Production of biogas through anaerobic digestion is one pathway to achieving the European Union (EU) goals of reducing greenhouse gas emissions, increasing the share of renewable energy, and improving energy efficiency. In this thesis, two different models (Anaerobic Digestion Model No. 1 and an artificial neural network) are used to simulate a full-scale co-digester in order to evaluate the feasibility of such models. This thesis also includes models of two systems to study the inclusion of microalgae in biogas plants and wastewater treatment plants. One of the studies is a life-cycle assessment in which replacement of the ley crop with microalgae is evaluated. The other study concerns the inclusion of microalgae in case studies of biological treatment in three wastewater treatment plants. Finally, the co-digestion between microalgae and sewage sludge has been simulated to evaluate the effect on biogas and methane yield. The results showed that Anaerobic Digestion Model No.1 and the artificial neural network are suitable for replicating the dynamics of a full-scale co-digestion plant. For the tested period, the artificial neural network showed a better fit for biogas and methane content than the Anaerobic Digestion Model No. 1. Simulations showed that co-digestion with microalgae tended to reduce biomethane production. However, this depended on the species and biodegradability of the microalgae. The results also showed that inclusion of microalgae could decrease carbon dioxide emissions in both types of plants and decrease the energy demand of the studied wastewater treatment plants. The extent of the decrease in the wastewater treatment plants depended on surface volume. In the biogas plant, the inclusion of microalgae led to a lower net energy ratio for the methane compared to when using ley crop silage. Both studies show that microalgae cultivation is best suited for use in summer in the northern climate.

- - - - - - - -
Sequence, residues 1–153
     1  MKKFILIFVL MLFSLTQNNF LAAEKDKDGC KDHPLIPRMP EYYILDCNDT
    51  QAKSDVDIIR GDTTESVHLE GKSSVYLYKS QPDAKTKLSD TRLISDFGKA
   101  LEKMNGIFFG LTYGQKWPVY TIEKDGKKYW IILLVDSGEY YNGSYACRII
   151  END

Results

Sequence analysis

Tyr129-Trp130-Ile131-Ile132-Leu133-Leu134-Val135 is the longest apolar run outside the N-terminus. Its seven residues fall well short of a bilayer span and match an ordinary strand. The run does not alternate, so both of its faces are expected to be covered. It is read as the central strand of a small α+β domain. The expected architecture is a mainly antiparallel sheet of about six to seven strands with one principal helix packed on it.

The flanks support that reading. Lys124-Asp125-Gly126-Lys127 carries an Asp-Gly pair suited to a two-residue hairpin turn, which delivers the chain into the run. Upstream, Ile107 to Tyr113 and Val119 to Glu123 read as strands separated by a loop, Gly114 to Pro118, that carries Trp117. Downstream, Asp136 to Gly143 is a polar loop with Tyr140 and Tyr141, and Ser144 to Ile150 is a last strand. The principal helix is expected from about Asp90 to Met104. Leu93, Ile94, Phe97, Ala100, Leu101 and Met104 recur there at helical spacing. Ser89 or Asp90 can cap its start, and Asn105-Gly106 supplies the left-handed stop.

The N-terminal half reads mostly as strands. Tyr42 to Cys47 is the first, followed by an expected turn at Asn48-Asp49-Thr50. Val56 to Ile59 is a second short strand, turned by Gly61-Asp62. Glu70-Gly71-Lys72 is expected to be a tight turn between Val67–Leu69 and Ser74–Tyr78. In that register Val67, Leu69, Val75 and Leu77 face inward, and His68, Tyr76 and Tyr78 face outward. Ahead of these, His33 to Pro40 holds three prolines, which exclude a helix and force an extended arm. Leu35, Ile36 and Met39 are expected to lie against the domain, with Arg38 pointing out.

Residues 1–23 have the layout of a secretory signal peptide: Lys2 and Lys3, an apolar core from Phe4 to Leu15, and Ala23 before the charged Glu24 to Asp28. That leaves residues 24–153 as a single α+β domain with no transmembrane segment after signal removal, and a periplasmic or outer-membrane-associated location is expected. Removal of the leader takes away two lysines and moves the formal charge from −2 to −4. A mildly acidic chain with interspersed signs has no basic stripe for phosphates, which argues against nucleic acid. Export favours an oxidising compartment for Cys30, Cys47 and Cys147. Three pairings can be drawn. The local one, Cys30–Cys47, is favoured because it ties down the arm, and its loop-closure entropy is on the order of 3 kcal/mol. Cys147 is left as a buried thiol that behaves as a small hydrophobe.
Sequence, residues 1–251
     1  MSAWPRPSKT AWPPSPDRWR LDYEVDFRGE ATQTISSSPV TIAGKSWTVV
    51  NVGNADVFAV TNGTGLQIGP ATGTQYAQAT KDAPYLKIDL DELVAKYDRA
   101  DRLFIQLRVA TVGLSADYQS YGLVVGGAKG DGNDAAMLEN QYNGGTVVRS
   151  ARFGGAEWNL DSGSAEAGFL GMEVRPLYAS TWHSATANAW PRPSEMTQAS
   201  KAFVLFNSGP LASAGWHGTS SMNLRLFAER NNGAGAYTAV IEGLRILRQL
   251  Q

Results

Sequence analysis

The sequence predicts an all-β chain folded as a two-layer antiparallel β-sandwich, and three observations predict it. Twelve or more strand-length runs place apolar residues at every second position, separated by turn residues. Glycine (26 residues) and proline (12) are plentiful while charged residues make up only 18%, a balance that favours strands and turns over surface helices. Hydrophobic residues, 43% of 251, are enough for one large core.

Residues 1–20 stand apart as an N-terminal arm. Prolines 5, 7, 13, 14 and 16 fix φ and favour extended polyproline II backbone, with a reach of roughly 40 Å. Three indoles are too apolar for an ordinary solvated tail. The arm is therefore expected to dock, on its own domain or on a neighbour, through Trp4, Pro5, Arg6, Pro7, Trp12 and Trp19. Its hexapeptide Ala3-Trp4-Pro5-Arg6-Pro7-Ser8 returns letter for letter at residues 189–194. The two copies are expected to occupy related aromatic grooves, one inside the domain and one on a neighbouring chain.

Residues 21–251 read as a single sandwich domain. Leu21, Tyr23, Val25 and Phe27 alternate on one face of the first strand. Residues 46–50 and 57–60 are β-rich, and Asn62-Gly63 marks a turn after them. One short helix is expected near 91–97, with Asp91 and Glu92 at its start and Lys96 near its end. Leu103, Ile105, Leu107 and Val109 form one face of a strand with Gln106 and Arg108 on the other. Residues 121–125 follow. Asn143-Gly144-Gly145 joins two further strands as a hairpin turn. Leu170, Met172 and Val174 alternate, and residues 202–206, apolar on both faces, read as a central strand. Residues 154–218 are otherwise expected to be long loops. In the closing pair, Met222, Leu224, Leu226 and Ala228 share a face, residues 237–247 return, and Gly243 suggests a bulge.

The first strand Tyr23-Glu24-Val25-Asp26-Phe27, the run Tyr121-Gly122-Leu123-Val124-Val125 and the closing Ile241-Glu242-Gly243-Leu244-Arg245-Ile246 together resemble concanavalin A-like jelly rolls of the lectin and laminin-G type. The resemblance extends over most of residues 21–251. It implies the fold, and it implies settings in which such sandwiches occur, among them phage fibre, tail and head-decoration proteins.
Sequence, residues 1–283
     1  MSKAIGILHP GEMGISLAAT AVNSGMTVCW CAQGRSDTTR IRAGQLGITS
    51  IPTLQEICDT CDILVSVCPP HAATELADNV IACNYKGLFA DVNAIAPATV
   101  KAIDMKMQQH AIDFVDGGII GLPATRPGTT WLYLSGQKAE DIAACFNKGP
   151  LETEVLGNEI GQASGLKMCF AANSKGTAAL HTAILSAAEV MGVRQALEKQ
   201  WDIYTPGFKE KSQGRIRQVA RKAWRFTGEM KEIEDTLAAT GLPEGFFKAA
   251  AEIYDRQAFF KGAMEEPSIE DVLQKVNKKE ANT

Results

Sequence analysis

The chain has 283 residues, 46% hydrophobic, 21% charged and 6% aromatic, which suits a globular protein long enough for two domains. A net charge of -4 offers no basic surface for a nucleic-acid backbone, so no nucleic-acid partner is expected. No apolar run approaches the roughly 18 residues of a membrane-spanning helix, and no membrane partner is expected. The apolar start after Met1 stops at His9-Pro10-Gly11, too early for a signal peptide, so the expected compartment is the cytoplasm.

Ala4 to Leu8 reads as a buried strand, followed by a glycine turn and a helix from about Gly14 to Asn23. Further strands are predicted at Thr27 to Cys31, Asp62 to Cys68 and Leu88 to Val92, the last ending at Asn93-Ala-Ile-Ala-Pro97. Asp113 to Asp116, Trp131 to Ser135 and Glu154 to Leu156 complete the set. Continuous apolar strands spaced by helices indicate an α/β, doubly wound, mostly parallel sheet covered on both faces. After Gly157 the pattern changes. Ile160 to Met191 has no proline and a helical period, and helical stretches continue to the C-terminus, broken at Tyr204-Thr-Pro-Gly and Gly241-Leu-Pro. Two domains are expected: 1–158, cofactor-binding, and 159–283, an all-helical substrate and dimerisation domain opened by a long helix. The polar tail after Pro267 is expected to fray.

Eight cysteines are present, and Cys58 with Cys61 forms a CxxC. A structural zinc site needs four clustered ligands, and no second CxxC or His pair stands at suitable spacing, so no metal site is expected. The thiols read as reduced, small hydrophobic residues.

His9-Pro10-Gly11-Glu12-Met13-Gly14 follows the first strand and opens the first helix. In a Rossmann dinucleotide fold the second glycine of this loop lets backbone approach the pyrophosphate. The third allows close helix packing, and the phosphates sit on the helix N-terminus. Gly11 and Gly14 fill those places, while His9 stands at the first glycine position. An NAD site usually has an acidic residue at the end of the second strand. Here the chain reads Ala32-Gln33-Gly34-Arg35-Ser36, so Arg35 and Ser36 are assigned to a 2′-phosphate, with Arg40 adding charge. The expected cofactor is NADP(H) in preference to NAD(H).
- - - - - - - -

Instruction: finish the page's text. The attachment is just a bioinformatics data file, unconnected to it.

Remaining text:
Place, publisher, year, edition, pages
Västerås: Mälardalen University Press, 2017
Series
Mälardalen University Press Dissertations, ISSN 1651-4238 ; 237
National Category
Bioenergy
Research subject
Energy- and Environmental Engineering
Identifiers
urn:nbn:se:mdh:diva-36515 (URN)978-91-7485-347-6 (ISBN)
Public defence
2017-11-08, Case, Västerås, 09:15 (English)
Opponent
Supervisors
Available from: 2017-09-27 Created: 2017-09-26 Last updated: 2017-12-27Bibliographically approved

Open Access in DiVA

No full text in DiVA

Other links

Publisher's full textScopus

Authority records BETA

Nordlander, EvaEva, ThorinYan, JinYue

Search in DiVA

By author/editor
Nordlander, EvaEva, ThorinYan, JinYue
By organisation
School of Sustainable Development of Society and TechnologyFuture Energy Center
In the same journal
Biochemical engineering journal
Bioenergy

Search outside of DiVA

GoogleGoogle Scholar

doi
urn-nbn

Altmetric score

doi
urn-nbn
Total: 77 hits
CiteExportLink to record
Permanent link

Direct link
Cite
Citation style
  • apa
  • ieee
  • modern-language-association-8th-edition
  • vancouver
  • Other style
More styles
Language
  • de-DE
  • en-GB
  • en-US
  • fi-FI
  • nn-NO
  • nn-NB
  • sv-SE
  • Other locale
More languages
Output format
  • html
  • text
  • asciidoc
  • rtf